Mr Hogan-Howe, Britain’s most senior police officer, suggested that officers could find ways around the last week's ruling, made by a Court of Appeal judge.
He said there are "still opportunities" to arrests suspects who swear at officers.
Mr Justice Bean overturned the public order conviction of a suspect who repeatedly used the “F” word while being searched for drugs.
Quashing Denzel Cassius Harvey's conviction, Mr Justice Bean said officers were so regularly on the receiving end of the "rather commonplace" expletive that it was unlikely to cause them "harassment, alarm or distress".
But Mr Hogan-Howe said he “doesn’t understand” the decision
Asked about it he said: “I do not agree. I can only speak as a police officer with a few years' experience. It is not acceptable to be sworn at for anybody, so why would it be any more acceptable for a police officer? "Even if you accepted that argument, then it doesn't look too good, does it, in terms of respect? A police officer challenges about something and they stand there being abusive.
"I just don't understand how that works. So I am deeply disappointed by that decision, but I respect the fact that apparently it is a statement of the law."
Mr Hogan-Howe was speaking on LBC Radio’s Nick Ferrari show. Asked by the presenter whether he would still direct his officers to arrest people who swore, he said: “I still think there are opportunities for that arrest to happen.”
The Commissioner explained that a suspect who swore could be arrested for other offences.
“Quite often they are threatening in their behaviour,” he said. “They are being aggressive or moving towards you, waving their arms about or making threats as well as using abusive language.”
Mr Harvey appealed against his conviction after he was fined £50 for bombarding police with foul language when they attempted to search him for drugs.
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Sussex PCSO claims lack of powers is actually an asset
This is Sussex: 29 July 2011
HAVING been labelled "ridiculous" by the county council's own head of community safety, one Sussex PCSO this week claimed a reputation for being weak could be an asset.
In a letter to the Courier, they said: "A huge benefit is that because some people do not see us as people that can actually 'do' anything, they hide less from us. I have seen people openly use drugs near me and this has led to it later being dealt with by police.
The letter was prompted by comments made last month by East Sussex County Council's Bob Tidy, who also sits on the Sussex Police Authority.
Mr Tidy said: "PCSOs are made to look ridiculous sometimes. People chide them and challenge them, knowing their powers are limited."
Former policeman Graham Alexander went even further, saying: "PCSOs are just about diluting and watering down the police service. All this talk about public reassurance is complete and utter hogwash."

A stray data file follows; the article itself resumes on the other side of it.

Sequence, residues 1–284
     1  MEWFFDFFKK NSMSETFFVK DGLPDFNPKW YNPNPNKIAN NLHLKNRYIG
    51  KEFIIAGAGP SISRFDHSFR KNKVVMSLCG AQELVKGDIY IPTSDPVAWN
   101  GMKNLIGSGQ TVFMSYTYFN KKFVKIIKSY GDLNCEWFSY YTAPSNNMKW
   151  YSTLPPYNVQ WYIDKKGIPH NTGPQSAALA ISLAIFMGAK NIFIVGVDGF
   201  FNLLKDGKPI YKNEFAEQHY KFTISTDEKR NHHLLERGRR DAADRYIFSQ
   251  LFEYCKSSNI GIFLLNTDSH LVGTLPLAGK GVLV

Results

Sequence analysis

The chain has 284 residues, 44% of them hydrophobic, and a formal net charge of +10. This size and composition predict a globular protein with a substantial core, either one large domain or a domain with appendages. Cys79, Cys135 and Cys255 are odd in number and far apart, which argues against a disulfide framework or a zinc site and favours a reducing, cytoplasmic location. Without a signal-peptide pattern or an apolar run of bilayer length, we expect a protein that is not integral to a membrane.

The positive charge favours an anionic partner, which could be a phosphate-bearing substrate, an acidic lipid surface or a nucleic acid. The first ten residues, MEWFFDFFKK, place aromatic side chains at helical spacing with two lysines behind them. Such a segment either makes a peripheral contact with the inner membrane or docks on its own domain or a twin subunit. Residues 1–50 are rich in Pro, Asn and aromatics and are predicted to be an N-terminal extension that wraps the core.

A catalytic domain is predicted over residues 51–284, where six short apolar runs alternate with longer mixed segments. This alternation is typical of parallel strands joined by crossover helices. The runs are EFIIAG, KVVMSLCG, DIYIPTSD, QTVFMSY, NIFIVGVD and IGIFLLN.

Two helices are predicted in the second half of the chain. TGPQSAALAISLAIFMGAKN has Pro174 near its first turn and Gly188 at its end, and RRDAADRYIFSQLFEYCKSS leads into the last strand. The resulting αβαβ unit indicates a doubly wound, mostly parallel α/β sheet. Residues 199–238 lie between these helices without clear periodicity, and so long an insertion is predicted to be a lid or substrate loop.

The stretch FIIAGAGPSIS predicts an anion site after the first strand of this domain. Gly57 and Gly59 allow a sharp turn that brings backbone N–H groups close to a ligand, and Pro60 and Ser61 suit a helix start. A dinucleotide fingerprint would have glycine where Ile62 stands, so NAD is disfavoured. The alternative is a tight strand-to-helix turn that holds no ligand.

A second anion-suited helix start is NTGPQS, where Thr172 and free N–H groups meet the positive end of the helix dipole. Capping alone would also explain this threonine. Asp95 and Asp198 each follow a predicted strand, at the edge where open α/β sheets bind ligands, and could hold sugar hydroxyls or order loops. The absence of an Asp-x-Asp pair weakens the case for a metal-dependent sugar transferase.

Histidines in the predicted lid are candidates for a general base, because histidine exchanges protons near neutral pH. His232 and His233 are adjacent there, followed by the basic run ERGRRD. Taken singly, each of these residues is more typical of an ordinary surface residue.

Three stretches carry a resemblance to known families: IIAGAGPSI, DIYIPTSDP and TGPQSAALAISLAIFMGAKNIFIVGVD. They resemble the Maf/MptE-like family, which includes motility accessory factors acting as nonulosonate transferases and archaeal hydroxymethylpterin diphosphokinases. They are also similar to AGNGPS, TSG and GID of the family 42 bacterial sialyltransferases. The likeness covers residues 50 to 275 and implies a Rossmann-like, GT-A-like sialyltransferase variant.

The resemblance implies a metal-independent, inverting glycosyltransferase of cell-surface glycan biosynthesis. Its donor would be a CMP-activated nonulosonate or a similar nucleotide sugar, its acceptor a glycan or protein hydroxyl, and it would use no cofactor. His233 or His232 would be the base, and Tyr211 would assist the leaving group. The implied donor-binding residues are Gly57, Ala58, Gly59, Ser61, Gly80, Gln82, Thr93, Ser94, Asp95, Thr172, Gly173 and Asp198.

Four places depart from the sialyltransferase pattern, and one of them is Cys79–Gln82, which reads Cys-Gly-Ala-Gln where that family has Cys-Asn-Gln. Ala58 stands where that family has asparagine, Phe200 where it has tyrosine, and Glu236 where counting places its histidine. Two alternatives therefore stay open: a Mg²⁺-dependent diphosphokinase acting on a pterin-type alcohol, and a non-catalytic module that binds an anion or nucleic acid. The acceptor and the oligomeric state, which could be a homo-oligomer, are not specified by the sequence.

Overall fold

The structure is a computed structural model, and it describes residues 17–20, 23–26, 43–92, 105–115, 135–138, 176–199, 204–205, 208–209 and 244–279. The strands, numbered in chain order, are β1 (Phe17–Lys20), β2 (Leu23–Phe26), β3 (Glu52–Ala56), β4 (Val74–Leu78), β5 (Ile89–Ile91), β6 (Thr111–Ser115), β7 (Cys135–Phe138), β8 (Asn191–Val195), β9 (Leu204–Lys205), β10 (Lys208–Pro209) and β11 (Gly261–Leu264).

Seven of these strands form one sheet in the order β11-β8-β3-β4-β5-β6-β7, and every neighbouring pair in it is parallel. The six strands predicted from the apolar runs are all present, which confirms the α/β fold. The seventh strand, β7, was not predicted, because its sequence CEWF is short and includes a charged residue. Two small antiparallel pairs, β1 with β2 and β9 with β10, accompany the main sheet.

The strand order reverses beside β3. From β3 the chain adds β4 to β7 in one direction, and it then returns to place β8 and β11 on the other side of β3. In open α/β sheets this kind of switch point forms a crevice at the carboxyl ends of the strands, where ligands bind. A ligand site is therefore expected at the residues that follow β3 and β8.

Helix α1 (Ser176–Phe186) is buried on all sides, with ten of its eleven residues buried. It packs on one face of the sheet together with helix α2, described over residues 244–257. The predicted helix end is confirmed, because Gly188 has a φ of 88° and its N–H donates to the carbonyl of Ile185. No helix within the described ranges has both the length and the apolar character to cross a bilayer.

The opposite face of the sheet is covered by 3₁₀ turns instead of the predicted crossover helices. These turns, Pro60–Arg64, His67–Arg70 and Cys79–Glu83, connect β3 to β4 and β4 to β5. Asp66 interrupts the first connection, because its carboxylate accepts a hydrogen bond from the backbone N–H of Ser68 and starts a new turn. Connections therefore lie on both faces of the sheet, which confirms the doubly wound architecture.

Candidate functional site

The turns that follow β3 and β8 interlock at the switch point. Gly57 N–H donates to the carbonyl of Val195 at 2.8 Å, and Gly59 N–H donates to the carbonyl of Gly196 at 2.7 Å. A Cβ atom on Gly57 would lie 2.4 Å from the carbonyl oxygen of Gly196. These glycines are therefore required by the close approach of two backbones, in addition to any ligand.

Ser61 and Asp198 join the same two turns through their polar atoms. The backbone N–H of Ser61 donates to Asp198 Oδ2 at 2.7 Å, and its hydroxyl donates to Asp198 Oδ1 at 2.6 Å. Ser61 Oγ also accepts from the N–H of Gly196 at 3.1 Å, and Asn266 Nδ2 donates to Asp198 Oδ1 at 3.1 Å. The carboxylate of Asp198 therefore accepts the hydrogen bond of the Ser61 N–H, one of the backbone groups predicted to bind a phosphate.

But making a stand for their £18,093 salary, our community support officer wrote: "I want to point out my role and how important I feel it is to many people.
"I have done my job for more than two years. The best thing about this role is that we don't get tied up in custody for hours, preparing statements, putting case files forward and having ongoing battles with the Crown Prosecution Service.
"Yes, we are policing on the cheap, but if all PCSOs were replaced with police officers there would be a big gap in society. Yes, maybe more crime might be dealt with by the police officers but that would mean more time off the street, less time doing crime prevention visits and less time getting to know local people.
"The way I see it is police officers deal with crimes and can get offenders and suspects to court while PCSOs can do the community engagement."
The officer went on to point out several examples of their daily duties, such as offering crime prevention advice, putting people in touch with support groups and going into schools.
"Many residents do not know who to approach for this help", they said.
What do you think of PCSOs? Write to us at firstname.lastname@example.org
Booze is seized from teenagers
Peterlee mail: 31 July 2011
DOZENS of bottles and cans were seized by police during a clampdown on underage drinking.
Residents in the south of Hartlepool had complained of drunken youths causing a nuisance so officers hit the streets as part of a three-week campaign.
A total of 25 bottles and 50 cans of alcohol were confiscated and taken back to Hartlepool Police’s Jutland Road office and one arrest was made.
Sergeant Mark Haworth, from the south neighbourhood police team, believes the haul will send a message to young people that boozy behaviour will not be tolerated.
Sgt Haworth said: “Underage or irresponsible drinking causes harm to not only the person consuming the alcohol but to residents who are forced to endure the fall out of any anti-social behaviour or crime.
“My message to young people is think again. Do you really want to be making yourself known to police at such a young age and affecting your future?
“We are determined to do everything we can to improve communities by reducing the number of incidents. We have had some great successes and the confiscation of this alcohol shows this.”
The lager, cider and spirits were seized not only from underage youngsters but also those over 18 who were loitering alongside them.